In 2018, outdoor recreation is more popular than ever, which has led to innumerable subjective rankings of locations, and of the fifty-nine National Park units. While various social media users and webpages debate whether Yellowstone or Yosemite are the best parks, under the surface, many park units escape the public consciousness. Quietly, however, some of the online and in person discussion has turned to 2017’s eighth most visited National Park, Olympic, and its surrounding wild areas. This is a change in that for many years, Washington’s most popular park was Mount Rainier, and many outdoor purists both in and out of Washington sought to keep the trails of the Olympic peninsula secret. But, with greater information available on the internet, popular media, and word of mouth, many visitors are now seeking out Olympic National Park and Olympic National Forest to enjoy some of the jewels of the Pacific Northwest and national public land system as a whole.
While there are three temperate rainforests inside the boundaries of Olympic National Park (Hoh, Quinault, and Queets), the most popular and well-known is the Hoh Rainforest. In addition to its notoriety, the Hoh Rainforest is also the only one of the three to be named a World Heritage Site and a Biosphere Reserve by UNESCO. Before it received this type of recognition, however, the Hoh itself was one of the main reasons for establishing Olympic National Park, as the park itself was created to preserve “the finest example of primeval forest…”. Located on the slopes of the western slopes of the Olympic Mountains, the Hoh is also a spot that receives a great deal of precipitation, averaging over fourteen feet of rain per year. All of this rain has encouraged the growth of tall stands of sitka spruces and western hemlocks, and many other plants throughout the forest. While there are many trails that explore the Hoh Rainforest, the easiest and most accessible introduction to the region is the Hall of Mosses trail.
Olympic National Park is one of the National Park system’s crown jewels, and to many people, may be the brightest jewel in the crown. Because of its beauty, in the last ten to fifteen years, the park has seen increased traffic and visitation in many areas. Even though Olympic has gradually become more popular, like the National Park system as a whole, it still has large areas of wilderness in which adventurous travelers can experience silence and solitude. One of these areas is the Staircase region of the park, which is located in the southeast corner of Olympic National Park. The Staircase region was named by Lt. Joseph P. O’Neil during his 1890 expedition to explore the southern Olympic Mountains because of the enormous cedar staircase that he and his men constructed up and over a rock bluff, which was ultimately known as the “Devil’s Staircase”. While the enormous cedar staircase is now gone, what remains is the serene silence of old growth Douglas fir forests. One of the best and most accessible ways to experience the Staircase region is along the Shady Lane trail.
For most people, Washington is the land of trees, mountains, rain, waterfalls, and the Space Needle. While Washington is more than all of these things, it is a state with stunning waterfalls. Like any location, all of the state’s waterfalls have the own unique charm and features, which makes rating them a subjective task at best. However, in my opinion, the one of the best – if not the best waterfalls in the entire state of Washington is Sol Duc Falls, which is easily accessible by a short hike in Olympic National Park. If the “best waterfall of Washington” claim wasn’t enticing enough, the falls are also located in a historic area of the park, the Sol Duc region.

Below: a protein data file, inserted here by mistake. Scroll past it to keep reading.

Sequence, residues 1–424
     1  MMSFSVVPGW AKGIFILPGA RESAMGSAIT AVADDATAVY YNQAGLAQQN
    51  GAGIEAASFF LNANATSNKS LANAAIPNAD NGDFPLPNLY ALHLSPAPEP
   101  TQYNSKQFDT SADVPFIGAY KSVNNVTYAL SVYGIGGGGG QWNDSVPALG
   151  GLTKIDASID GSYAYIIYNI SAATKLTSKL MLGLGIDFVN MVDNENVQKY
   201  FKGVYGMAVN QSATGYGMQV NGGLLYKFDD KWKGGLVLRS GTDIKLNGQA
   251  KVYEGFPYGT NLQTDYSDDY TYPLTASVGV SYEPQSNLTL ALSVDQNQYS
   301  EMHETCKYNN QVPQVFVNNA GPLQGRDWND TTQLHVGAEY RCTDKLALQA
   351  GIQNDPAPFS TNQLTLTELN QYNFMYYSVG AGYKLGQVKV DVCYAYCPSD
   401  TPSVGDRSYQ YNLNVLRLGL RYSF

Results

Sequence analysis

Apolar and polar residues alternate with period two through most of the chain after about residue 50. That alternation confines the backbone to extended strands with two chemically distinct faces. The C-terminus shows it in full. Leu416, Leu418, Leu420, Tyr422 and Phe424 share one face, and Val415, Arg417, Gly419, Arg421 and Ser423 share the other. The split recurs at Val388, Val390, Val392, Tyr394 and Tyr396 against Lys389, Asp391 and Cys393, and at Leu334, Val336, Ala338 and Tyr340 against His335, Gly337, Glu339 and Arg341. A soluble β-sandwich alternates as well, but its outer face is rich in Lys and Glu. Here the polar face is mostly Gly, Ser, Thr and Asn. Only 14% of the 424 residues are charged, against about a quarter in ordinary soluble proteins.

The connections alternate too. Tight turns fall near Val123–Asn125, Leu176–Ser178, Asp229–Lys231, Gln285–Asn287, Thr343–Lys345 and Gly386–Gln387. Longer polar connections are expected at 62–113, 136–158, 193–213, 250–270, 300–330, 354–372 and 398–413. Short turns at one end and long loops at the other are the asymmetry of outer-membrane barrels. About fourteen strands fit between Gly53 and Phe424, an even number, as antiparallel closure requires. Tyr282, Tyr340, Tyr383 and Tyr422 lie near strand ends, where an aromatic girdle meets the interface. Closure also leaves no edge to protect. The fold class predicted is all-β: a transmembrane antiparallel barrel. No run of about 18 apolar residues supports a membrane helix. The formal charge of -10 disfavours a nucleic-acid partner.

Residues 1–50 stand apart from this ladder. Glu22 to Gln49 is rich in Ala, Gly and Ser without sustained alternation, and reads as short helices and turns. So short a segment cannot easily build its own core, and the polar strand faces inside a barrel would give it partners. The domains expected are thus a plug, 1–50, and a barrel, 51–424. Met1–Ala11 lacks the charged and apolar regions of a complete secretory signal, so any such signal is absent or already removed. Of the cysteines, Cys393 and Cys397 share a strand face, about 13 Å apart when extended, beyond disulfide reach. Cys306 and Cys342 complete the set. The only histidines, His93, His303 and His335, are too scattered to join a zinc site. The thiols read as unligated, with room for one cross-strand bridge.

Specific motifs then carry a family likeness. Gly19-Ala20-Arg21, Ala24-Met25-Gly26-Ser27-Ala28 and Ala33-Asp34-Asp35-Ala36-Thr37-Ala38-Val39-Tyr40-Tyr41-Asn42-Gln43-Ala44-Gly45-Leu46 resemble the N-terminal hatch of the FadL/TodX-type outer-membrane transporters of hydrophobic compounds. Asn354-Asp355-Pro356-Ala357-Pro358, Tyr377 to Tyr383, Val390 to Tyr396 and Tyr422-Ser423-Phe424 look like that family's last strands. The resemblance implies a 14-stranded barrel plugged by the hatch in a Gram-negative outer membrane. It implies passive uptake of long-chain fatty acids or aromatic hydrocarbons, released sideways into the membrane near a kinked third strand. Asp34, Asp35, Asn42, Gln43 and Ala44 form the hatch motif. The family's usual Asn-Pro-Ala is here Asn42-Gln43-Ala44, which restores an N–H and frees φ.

One of the reasons to visit Olympic National Park is that it is one of the most unique biomes in the continental United States, if not the world. Although there are many factors that have led to Olympic National Park becoming such a unique location, one of the factors has been the frequent and abundant rainfall that the region has received throughout the years. Even though rainfall totals vary, in general, the park receives at least 140 inches of rain per year; and all of the rainfall that the park receives has also led to the formation of large rivers, and spectacular waterfalls. While the park has many accessible waterfalls that visitors can view and explore, the easiest waterfall to view and visit is Merriman Falls, even though the waterfall is technically slightly outside of the park’s boundaries in the Olympic National Forest.
A couple weeks ago, I was up at White Mountain in California. The standard route up White Mountain leads past the Barcroft Research Station, which is one of the highest, if not the highest research laboratory in the world. On our way back down from White Mountain, my climbing partner brought my attention to a sign that was near the road/trail to Barcroft. It said, “Attention Hikers. Report all Mountain Goats sightings to DHS.” At the time, we were ready to get off the mountain and back to the car, so we didn’t stop to take a picture of this sign. However, within fifty feet of the sign we were having a vigorous discussion about why the Department of Homeland Security (DHS) would want to know about mountain goats. We quickly agreed that it would make rational sense if the Forest Service, National Park Service, Bureau of Land Management, or Department of Fish and Game wanted to know about mountain goat sightings. But the Department of Homeland Security? Were these terrorist goats? Or terrorists disguised as goats? Or, even worse, goats disguised as terrorists? As we walked, the more the “goat sign” felt like a Doctor Strangelove type situation to me. Were these goats trying to get at our precious bodily fluids? And, while the Department of Homeland Security has to secure the nation from the many threats it faces, since when did goats become a threat?